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Could somebody perhaps trim the bottom musical staff off this image if they have nothing better to do? It doesn't help to define what staccato is, and it isn't even barred to the top staff, so it could be rather confusing (people might think you can only have staccato if you have broken octaves going on as well...). I'd do it myself if I could - thanks to anybody who does do it. --Camembert
Done.--AstroNomer 00:33 Sep 10, 2002 (UTC)
Any chance of recording it and uploading a sound file for those of us that don't read music? --Brion 03:40 Sep 10, 2002 (UTC)
- Four months after you requested it, I've finally done it (I've done one with staccato, and one without, for comparison's sake). Hope it's OK. --Camembert
Definition of "staccato"
Calling staccato short is misleading. The notes are not necessarily short, but are detached from the ones around them. Staccato is also highly dependent on the period of the work (for example, classical staccato is going to be much longer than modern staccato). Still, most young musicians see dots and assume that the notes are supposed to be very short, but this is actually very rarely the case. Promacuser (talk) 17:16, 18 November 2009 (UTC)
- This seems to me rather like maintaining that because tempo is Italian for time we should not be allowed to note that to a musician ("young", old, or middle-aged) it refers to the pace of a piece. Certainly pace has quite a bit to do with time, but a musical article about tempo that defined it as "time" and left it at that would very unhelpful. Just so, a staccato dot in modern notation really does indicate that a note should be shortened, although staccato is Italian for detached and shortened notes are certainly detached from notes immediately following--where notes do immediately follow, that is: a staccato dot below or above a note followed by a rest is not uncommon.
- 1) Willi Apel, Harvard Dictionary of Music, Harvard University Press, Cambridge, Massachusetts, 1960, p. 708: "Staccato [It., detached] A manner of performance indicated by a dot or the sign [thin closed vertical wedge] placed over the note, calling for a reduction of its written duration with a rest substituted for half or more of its value."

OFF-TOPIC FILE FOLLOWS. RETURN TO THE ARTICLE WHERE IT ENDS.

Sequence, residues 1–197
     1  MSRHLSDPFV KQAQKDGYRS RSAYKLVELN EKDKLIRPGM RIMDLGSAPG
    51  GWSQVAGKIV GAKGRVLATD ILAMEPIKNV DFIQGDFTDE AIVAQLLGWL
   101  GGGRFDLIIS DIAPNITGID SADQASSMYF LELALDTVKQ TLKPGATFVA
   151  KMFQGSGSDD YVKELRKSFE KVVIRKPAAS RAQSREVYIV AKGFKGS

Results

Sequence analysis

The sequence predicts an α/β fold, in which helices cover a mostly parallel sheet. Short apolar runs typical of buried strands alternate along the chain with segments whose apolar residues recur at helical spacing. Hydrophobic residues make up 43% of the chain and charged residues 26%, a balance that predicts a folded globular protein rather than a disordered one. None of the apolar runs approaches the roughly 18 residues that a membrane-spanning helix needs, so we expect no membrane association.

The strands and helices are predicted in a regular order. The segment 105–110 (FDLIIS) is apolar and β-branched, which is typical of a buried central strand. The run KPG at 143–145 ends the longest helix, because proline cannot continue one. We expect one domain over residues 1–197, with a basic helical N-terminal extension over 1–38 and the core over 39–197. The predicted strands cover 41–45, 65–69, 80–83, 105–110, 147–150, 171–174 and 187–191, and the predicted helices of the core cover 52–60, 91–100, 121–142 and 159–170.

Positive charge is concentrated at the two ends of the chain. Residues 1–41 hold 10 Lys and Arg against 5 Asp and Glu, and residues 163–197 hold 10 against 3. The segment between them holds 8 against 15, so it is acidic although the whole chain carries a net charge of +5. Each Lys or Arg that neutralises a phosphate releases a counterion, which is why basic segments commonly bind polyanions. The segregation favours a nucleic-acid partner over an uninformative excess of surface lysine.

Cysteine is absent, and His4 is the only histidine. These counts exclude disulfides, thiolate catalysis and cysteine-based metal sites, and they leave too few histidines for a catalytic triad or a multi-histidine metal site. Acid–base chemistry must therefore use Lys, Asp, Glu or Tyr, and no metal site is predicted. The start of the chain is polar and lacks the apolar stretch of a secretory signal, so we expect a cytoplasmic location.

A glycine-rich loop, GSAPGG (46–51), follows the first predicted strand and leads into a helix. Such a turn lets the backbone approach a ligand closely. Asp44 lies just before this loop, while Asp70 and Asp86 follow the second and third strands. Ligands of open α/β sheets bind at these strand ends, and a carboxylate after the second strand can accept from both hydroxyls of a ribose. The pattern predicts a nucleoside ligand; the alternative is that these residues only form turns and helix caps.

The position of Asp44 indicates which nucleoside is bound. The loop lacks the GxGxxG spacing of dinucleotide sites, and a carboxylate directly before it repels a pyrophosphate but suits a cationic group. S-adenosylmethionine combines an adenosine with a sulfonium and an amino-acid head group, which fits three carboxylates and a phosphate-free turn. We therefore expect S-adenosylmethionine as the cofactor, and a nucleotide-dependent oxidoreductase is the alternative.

- 2) Michael Kennedy, ed., The Concise Oxford Dictionary of Music, third edition, Oxford University Press, Oxford and New York, 1980, p. 617: "Staccato (It.) Detached. Method of playing a note (shown by a dot over the note) so that it is shortened--and thus 'detached' from its successor--by being held for less than its full value. Superlative is staccatissimo. The various signs used to indicate degrees of staccato are: MEZZO-STACCATO (shorten the note by about 1/4) [staccato dots above slur shown], STACCATO (shorten the notes by about 1/2) [staccato dots shown], [and] STACCATISSIMO (shorten the notes by about 3/4) [staccatissimo wedge shown]."TheScotch (talk) 04:39, 27 September 2011 (UTC)
Two musical sources (culled more at less at random):
1) Walter Piston, Quintet for Wind Instruments (New York: Associated Music Pulishers, Inc., 1956), third movement, measure 97: The A in the oboe, F# in the clarinet, F# in the horn, and F# in the bassoon, all on beat one, all have staccato dots. All are preceded by at least four measures of rests; all are succeeded by two eighth rests and one quarter rest.
2) Samuel Barber, Summer Music for Woodwind Quintet (New York: G. Schirmer, 1957), last measure: The Bb in the horn and Eb in the bassoon both have staccato dots. Both are preceded by at least two quarter rests and one eighth rest. Both are succeeded by an eighth rest and a quarter rest. Both are the last notes in their parts.
It's difficult for me to imagine in Walter Piston they mean anything but staccato, but, in any case, accentuation is not separation, and these examples demonstrate that the staccato dot cannnot (universally, at least) mean separation. (My reading of C.P.E. Bach's Essay--of 1753--, by the way, suggests to me that C.P.E. Bach, and possibly his contemporaries, likely understood detachment to mean roughly what we think of as shortening, which would explain why he maintains that notes with a staccato dot should "always" be played slightly less than one-half of their written value, certainly more than would be required of, say, a quarter note at a moderate tempo to separate it from a succeeding note.) In any case, I can also furnish examples in which a staccato note is succeeded by rests but not preceded by rests (or other staccato notes). In the Barber, for example, a staccato sixteenth-note in the flute comes directly after twenty thirty-second-note decituplets and five thirty-second-note quintuplets. The tuplets all last one-fifth of an eighth-note (counted, in effect, by the oboe below) and the sixteenth without the dot would last, of course, one-half of an eighth-note. Barber is saying that the last note, the sixteenth, should approximately equal the tuplet notes, but he doesn't want to be fussy, messy, or seemingly insistent on an absolute length. TheScotch (talk) 21:30, 28 September 2011 (UTC)